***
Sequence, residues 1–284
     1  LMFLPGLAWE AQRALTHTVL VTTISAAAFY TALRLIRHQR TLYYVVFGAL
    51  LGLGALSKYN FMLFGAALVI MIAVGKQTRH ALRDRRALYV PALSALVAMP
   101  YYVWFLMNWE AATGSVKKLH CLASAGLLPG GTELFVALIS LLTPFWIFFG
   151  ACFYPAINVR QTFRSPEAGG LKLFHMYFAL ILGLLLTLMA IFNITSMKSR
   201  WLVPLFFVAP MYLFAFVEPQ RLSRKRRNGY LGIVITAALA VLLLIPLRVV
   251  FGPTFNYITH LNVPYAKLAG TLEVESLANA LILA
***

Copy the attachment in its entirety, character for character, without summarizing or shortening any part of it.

Sequence, residues 1–284
     1  LMFLPGLAWE AQRALTHTVL VTTISAAAFY TALRLIRHQR TLYYVVFGAL
    51  LGLGALSKYN FMLFGAALVI MIAVGKQTRH ALRDRRALYV PALSALVAMP
   101  YYVWFLMNWE AATGSVKKLH CLASAGLLPG GTELFVALIS LLTPFWIFFG
   151  ACFYPAINVR QTFRSPEAGG LKLFHMYFAL ILGLLLTLMA IFNITSMKSR
   201  WLVPLFFVAP MYLFAFVEPQ RLSRKRRNGY LGIVITAALA VLLLIPLRVV
   251  FGPTFNYITH LNVPYAKLAG TLEVESLANA LILA